Friday, November 15, 2013

The Alchemist

Albertus Magnus and a hermaphrodite
from 
Symbola aureæ mensæ
We haven't talked about Albertus Magnus since his birthday last year. We really should address the subject for which he is usually known by people who don't know anything else about him: alchemy. Unfortunately, the evidence that he knew any alchemy comes from legends and documents that accrued to his reputation after his death. In fact, his own words are interpreted to deny the possibility of producing something by magic. He wrote ars non potest dare formam substantialem [Latin: "Art alone is not able to make a substantial form"]. Later generations, amazed by his vast knowledge, attributed many writings on alchemy to him. In the absence of any other authorial data, they are now attributed to "pseudo-Albertus Magnus."

There is, for instance, a legend that he managed to transform simple metal into gold, using the Philosopher's Stone. Supposedly, he gave the Stone to his pupil, Thomas Aquinas, prior to Magnus' death. The legend fails to take into account that Aquinas died six years before Magnus. The legend further states that Aquinas destroyed the Stone, fearing a connection with less-than-divine powers. This is recorded in a 1617 work on alchemy called Symbola aureæ mensæ [Latin: "Symbols of the golden table"], by Michael Maier. It is also said that he changed the weather of a winter day to a warm spring day with flowers blooming so that a party could be held outside.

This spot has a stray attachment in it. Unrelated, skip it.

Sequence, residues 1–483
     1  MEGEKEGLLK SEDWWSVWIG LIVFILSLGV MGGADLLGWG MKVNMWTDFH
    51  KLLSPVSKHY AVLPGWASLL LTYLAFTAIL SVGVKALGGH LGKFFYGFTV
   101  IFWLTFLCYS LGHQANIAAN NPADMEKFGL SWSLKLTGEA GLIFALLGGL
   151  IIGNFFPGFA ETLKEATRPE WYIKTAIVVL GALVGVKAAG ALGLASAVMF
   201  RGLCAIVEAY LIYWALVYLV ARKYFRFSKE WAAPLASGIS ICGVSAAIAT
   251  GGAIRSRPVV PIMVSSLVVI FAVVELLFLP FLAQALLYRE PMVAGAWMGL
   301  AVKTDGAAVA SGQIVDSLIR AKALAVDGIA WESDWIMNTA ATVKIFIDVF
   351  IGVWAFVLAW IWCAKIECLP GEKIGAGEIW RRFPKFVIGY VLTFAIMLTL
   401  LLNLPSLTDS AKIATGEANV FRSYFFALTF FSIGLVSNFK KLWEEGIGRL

He is also credited (supposedly according to eyewitnesses) with having created an automaton in his laboratory that could speak and perform menial tasks.

As for writings that we can firmly attribute to him, there is little there about alchemy. His De mineralibus [Latin: "Concerning minerals"] alludes to the occult power found in stones, but never explains what those powers might be. His chemical experiments seem to have led to the discovery of arsenic and silver nitrate.

His commentaries on Aristotle, and his ability to blend Aristotelian logic with Christianity, as well as his various (legitimate) experiments, gained him such a reputation for intelligence that it is not surprising that future authors would assume he achieved magical results.

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